nodal displacement
0 (vector sum,
aluminum hub wheel)
workpiece material
depth of cut
cutting speed
feed rate
4 µm
circumference of the
rotating grinding wheel
telemetry ring
dimensions : displacement
1 : 400
: hot-pressed silicon nitride
: a e = 1.5 mm
: v c = 50 m/s
: v w = 160 mm/min
source: IWT, Bremen
Fig. 18. FEM analysis of contact stiffness [117]
Fig. 19. Sensor integrated wheel [9]
4.4.2. Sensor-integrated wheels
In the quest for lower process cost and improved quality,
machine tool companies and end users are increasingly
integrating sensors into grinding machine systems for inprocess and post-process control. Typically, these
sensors measure displacement, motor power, grinding
force, vibration and acoustic emission (AE). In some
cases, the outputs from these sensors are used to
indirectly predict the conditions occurring within the
grinding arc. To improve the measurement accuracy, it is
advantageous to make these measurements within the
grinding zone and transmit them to a signal processing
system. Three University research teams have
developed innovative cBN wheel hubs with integral
sensors to monitor the grinding process.
Boehm et al [9] integrated temperature, vibration and
force sensors into their wheel. The temperature sensor
was proved to have sufficient response time (20-50 ns) to
measure the temperature close to the grinding zone, and
can be compensated for changing abrasive layer
thickness with time. The piezoelectric force and vibration,
thin-film, sensors are still being perfected for this
application. Fig. 19 shows a schematic of the wheel.
Varghese and Malkin [115] integrated an AE sensor into
the aluminium hub of the wheel, and fixed a force
transducer underneath one of the cBN segments. Using
Digital Signal Processing (DSP) and Radio Frequency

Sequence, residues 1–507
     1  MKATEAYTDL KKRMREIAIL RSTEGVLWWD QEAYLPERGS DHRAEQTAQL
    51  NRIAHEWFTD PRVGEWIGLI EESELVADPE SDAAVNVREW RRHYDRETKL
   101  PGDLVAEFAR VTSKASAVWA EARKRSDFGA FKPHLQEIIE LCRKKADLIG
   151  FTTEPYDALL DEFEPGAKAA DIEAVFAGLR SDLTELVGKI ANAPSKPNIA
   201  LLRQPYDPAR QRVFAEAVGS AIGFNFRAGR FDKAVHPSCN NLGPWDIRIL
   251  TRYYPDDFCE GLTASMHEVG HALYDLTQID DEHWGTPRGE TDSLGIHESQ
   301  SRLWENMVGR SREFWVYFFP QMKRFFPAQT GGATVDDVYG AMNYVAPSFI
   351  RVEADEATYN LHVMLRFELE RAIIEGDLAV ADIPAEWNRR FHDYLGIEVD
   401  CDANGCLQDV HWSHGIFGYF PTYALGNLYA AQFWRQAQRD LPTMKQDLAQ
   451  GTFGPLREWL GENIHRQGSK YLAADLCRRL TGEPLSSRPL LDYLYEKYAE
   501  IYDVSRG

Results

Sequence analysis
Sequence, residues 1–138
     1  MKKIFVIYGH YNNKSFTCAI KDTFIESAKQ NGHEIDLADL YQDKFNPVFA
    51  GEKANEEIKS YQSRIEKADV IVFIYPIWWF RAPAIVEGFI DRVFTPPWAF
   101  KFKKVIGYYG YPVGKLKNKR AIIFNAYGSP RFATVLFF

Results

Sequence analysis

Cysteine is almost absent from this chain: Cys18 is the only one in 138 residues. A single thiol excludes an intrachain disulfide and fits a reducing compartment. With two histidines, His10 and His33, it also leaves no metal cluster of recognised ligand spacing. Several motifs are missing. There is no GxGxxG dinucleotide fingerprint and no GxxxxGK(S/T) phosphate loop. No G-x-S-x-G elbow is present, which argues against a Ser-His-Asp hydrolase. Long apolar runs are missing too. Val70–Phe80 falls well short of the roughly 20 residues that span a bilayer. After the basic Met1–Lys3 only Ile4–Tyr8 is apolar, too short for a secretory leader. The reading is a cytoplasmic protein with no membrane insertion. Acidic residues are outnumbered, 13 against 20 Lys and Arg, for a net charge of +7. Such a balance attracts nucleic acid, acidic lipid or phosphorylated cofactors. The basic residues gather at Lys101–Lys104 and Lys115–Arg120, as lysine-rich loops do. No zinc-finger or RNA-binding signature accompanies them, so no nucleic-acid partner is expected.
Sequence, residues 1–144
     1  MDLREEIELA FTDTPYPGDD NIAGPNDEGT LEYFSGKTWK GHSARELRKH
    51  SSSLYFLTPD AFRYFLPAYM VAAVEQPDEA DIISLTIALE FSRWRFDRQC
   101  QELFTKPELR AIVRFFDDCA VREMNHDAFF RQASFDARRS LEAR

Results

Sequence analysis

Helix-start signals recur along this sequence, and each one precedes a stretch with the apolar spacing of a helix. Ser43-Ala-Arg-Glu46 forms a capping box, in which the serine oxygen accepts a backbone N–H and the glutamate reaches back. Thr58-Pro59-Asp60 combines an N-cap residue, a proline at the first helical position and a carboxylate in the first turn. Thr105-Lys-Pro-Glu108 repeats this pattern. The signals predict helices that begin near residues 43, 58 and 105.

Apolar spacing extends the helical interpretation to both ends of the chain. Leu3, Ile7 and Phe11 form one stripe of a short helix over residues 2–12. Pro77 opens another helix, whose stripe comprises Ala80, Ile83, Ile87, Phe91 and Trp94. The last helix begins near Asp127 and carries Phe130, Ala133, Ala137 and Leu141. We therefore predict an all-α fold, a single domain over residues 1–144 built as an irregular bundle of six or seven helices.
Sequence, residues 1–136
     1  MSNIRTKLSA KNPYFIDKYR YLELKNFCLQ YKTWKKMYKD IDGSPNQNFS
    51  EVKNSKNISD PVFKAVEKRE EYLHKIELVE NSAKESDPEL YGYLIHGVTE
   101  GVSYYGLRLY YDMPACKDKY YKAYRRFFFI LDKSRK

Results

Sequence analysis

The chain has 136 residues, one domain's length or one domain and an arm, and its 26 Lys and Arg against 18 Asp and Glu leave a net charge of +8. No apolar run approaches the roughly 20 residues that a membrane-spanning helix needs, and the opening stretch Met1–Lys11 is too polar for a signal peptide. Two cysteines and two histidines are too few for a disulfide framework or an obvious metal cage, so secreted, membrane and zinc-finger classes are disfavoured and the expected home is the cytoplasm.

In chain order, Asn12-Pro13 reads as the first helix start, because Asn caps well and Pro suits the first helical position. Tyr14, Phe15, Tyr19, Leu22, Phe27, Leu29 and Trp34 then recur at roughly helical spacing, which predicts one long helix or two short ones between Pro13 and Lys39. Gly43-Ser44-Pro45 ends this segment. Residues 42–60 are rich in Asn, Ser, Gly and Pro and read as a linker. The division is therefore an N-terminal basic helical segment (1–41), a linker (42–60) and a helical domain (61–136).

Transmission (RFT), both signals were received by a
host computer. Force monitoring was successfully
applied to identify wheel rounding during truing. The AE
signal was found to be sensitive to grinding and truing
parameters, and could identify initial wheel-work contact
to help minimize air grinding time. The technology behind
this wheel has been patented [67].
Karpuschewski et al [54] based their grinding monitoring
system on an AE sensor-integrated wheel by Wakuda et
al [116]. They showed that the wheel and signal
processing system could be used to reliably detect
events, such as: wheel-work contact, for reduced cycle
time; and wheel-dresser contact, to ensure the minimum
number of truing passes are given. The ground part
surface finish was also monitored by the integral AE
sensor. With the help of a fuzzy neural system, based on
parameters calculated from sensor data, a roughness
prediction can be achieved.
The ‘Sensor Integrated’ wheel concept needs to be
embraced by machine tool manufactures, in order to
become seamlessly embedded into the process control,
and not considered as a retrofit. Future designs must
also consider the easy removal and replacement of glued
vitrified cBN segments, without causing damage to the
hub each time.
4.4.3. Through-wheel coolant application
Instead of relying on the abrasive structure to transport
the grinding fluid into the grinding arc, several
researchers have enhanced the fluid path by using radial
internal tubes [107][34][47][38][5] or machining the
sidewall with flutes [77][107]. The radial tube approach
can be wasteful of fluid, since the flow exits the entire
3600 periphery of the grinding wheel despite the grinding
arc being a considerably smaller angle.
Sidewall friction can be reduced using external grooves
in this area. The grooves help to get the grinding fluid into
the sidewall area, but the process suffers from increased
noise and reduced abrasive content.
5. Innovative abrasive finishing processes due to
advanced abrasive product design
The development of new abrasive finishing processes
depends, in many cases, on the development of new
abrasive products. These products may have some of the
following attributes as compared to conventional
products: high peripheral speed ability, electrical
Workpiece surface temperature ( C)
5.1. High efficiency deep grinding (HEDG).
The introduction of high performance grinding machines,
in combination with the latest superabrasive technology,
has lead to the development of HEDG [121][100][109].